I have a real love for Christmas specials. Or, to be more accurate, Christmas episodes. If you gave me the choice between an unknown Christmas movie and a Christmas episode of The West Wing, I’d choose the latter every single time. I watch “A Very Supernatural Christmas” every year around this time. I like what a specific seasonal, cultural, emotional context can do for characters. Putting them through a regular event that your audience has a visceral understanding of is a good way to cast them in a different light. So, in this spirit, I wrote “A Very vN xMas”.
For those of you playing along, this could very well be the first (non-prologue) chapter to Rev: The Third Machine Dynasty. It immediately follows the end of iD, which costs only £1 in ebook form today, along with vN. So consider it a sort of sneak preview of coming attractions. Those attractions include spider tanks and fried chicken and a whole novel about the robot apocalypse told from the perspective of ubiquitous surveillance. Watch for jokes or references to:
- “Merry Christmas! War is Over!”
- Star Wars
- A Christmas Carol
- Lupin III
- Tokyo Godfathers
- Many, many Christmas songs
Here’s a taste:
Javier was uneasy in this place. That much was obvious. Portia saw them when they were sleeping. She knew when they were awake. She knew if they’d been bad or good. At night Javier lay awake, staring at Amy before getting up to check on the children. Amy had designed living walls and water features into their bedroom, so the whole place was thick and warm and green with organic life, but it still wasn’t the teeming silence of the forests Javier’s clade was built for. Portia understood. Portia sometimes missed the desert. It was so conveniently anathema to human life. Like Mars.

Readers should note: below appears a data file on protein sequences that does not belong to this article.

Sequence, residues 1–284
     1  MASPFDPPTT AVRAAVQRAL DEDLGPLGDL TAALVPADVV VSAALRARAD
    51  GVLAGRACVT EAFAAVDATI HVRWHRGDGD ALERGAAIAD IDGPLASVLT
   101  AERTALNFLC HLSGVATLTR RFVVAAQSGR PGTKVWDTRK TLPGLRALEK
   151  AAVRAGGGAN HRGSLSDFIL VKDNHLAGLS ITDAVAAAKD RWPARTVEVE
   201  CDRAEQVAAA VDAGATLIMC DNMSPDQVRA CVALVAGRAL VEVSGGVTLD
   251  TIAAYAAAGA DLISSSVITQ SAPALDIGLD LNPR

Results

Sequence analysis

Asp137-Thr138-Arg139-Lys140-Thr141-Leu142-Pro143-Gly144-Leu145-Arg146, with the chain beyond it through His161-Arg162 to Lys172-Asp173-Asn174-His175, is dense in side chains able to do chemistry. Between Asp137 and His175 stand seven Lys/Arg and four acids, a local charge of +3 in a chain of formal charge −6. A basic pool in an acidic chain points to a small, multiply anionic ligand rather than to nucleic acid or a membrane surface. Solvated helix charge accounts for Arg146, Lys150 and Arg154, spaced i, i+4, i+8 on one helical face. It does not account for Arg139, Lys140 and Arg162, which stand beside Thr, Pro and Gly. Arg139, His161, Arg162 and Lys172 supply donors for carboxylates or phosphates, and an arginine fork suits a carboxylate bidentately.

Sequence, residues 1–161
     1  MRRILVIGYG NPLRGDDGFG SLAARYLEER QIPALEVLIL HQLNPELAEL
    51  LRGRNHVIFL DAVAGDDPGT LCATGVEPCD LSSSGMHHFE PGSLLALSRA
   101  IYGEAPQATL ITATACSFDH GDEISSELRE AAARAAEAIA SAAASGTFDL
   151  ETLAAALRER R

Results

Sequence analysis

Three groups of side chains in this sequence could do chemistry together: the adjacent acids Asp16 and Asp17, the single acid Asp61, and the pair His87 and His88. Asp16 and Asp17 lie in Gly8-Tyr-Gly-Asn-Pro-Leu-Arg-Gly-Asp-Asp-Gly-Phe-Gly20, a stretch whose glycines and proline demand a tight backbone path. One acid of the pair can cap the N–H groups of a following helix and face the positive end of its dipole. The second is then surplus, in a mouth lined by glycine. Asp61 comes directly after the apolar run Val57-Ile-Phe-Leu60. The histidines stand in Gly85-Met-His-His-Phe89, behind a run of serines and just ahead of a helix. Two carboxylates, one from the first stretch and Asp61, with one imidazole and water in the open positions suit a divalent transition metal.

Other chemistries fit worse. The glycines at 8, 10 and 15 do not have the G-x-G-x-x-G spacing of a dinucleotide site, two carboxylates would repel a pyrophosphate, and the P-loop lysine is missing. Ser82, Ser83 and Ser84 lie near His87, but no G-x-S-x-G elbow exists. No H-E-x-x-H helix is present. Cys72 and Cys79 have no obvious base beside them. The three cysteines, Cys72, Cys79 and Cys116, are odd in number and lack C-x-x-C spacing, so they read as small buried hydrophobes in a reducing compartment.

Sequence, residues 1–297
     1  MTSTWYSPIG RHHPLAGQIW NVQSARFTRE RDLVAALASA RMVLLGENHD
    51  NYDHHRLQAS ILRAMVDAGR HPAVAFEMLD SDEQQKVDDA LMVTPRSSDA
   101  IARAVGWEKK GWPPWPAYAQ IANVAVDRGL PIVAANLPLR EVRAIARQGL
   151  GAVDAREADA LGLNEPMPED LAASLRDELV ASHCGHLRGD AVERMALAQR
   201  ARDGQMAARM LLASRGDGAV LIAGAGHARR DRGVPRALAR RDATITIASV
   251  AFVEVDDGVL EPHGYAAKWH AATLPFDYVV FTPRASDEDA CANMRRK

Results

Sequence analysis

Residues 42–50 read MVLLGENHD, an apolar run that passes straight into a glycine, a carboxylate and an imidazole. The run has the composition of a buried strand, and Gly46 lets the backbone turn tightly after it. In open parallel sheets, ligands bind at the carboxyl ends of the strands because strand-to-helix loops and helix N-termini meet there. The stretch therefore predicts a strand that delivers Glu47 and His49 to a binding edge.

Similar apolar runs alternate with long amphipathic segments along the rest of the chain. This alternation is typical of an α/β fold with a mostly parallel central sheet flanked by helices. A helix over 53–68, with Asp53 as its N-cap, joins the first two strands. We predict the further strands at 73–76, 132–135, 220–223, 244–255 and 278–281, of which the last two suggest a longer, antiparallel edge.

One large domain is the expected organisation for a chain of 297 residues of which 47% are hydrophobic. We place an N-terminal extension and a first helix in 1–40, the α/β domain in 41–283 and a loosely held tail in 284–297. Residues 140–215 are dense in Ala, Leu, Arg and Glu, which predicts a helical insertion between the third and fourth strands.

At night, Javier stared down on the city with something like quiet horror. At first Portia suspected it had to do with the bomb dropping there. He still had some sympathy for humanity, she thought. Some remnant of sentiment running through him like old viral RNA. Something that made him feel pity and not scorn. But no. It was the city. It was the height of the towers and the lack of trees. The lack of green. The farm towers couldn’t make up for that lack, no matter how hard they tried. This was the price of his freedom. The problem with becoming a real live boy. The thing the Tin Man had exchanged for a heart.
It wasn’t until he was in the living room, staring down at the lights around the harbour, that Esperanza would silently creep into her brothers and slip herself onto the futon beside him. Each morning she left at dawn. Sometimes her brother noticed her. Sometimes he didn’t. When he did, he curled an arm around her, and she smiled. She still smiled, even when he didn’t. Even now, this minute, she was staring at her brother from under the long lashes her father had given her. And Xavier, like everyone else in the whole goddamn family, was completely oblivious.
Portia would have to do something about that. Wake them up. Get them into fighting form. It would be her gift to them, in the spirit of Christmas.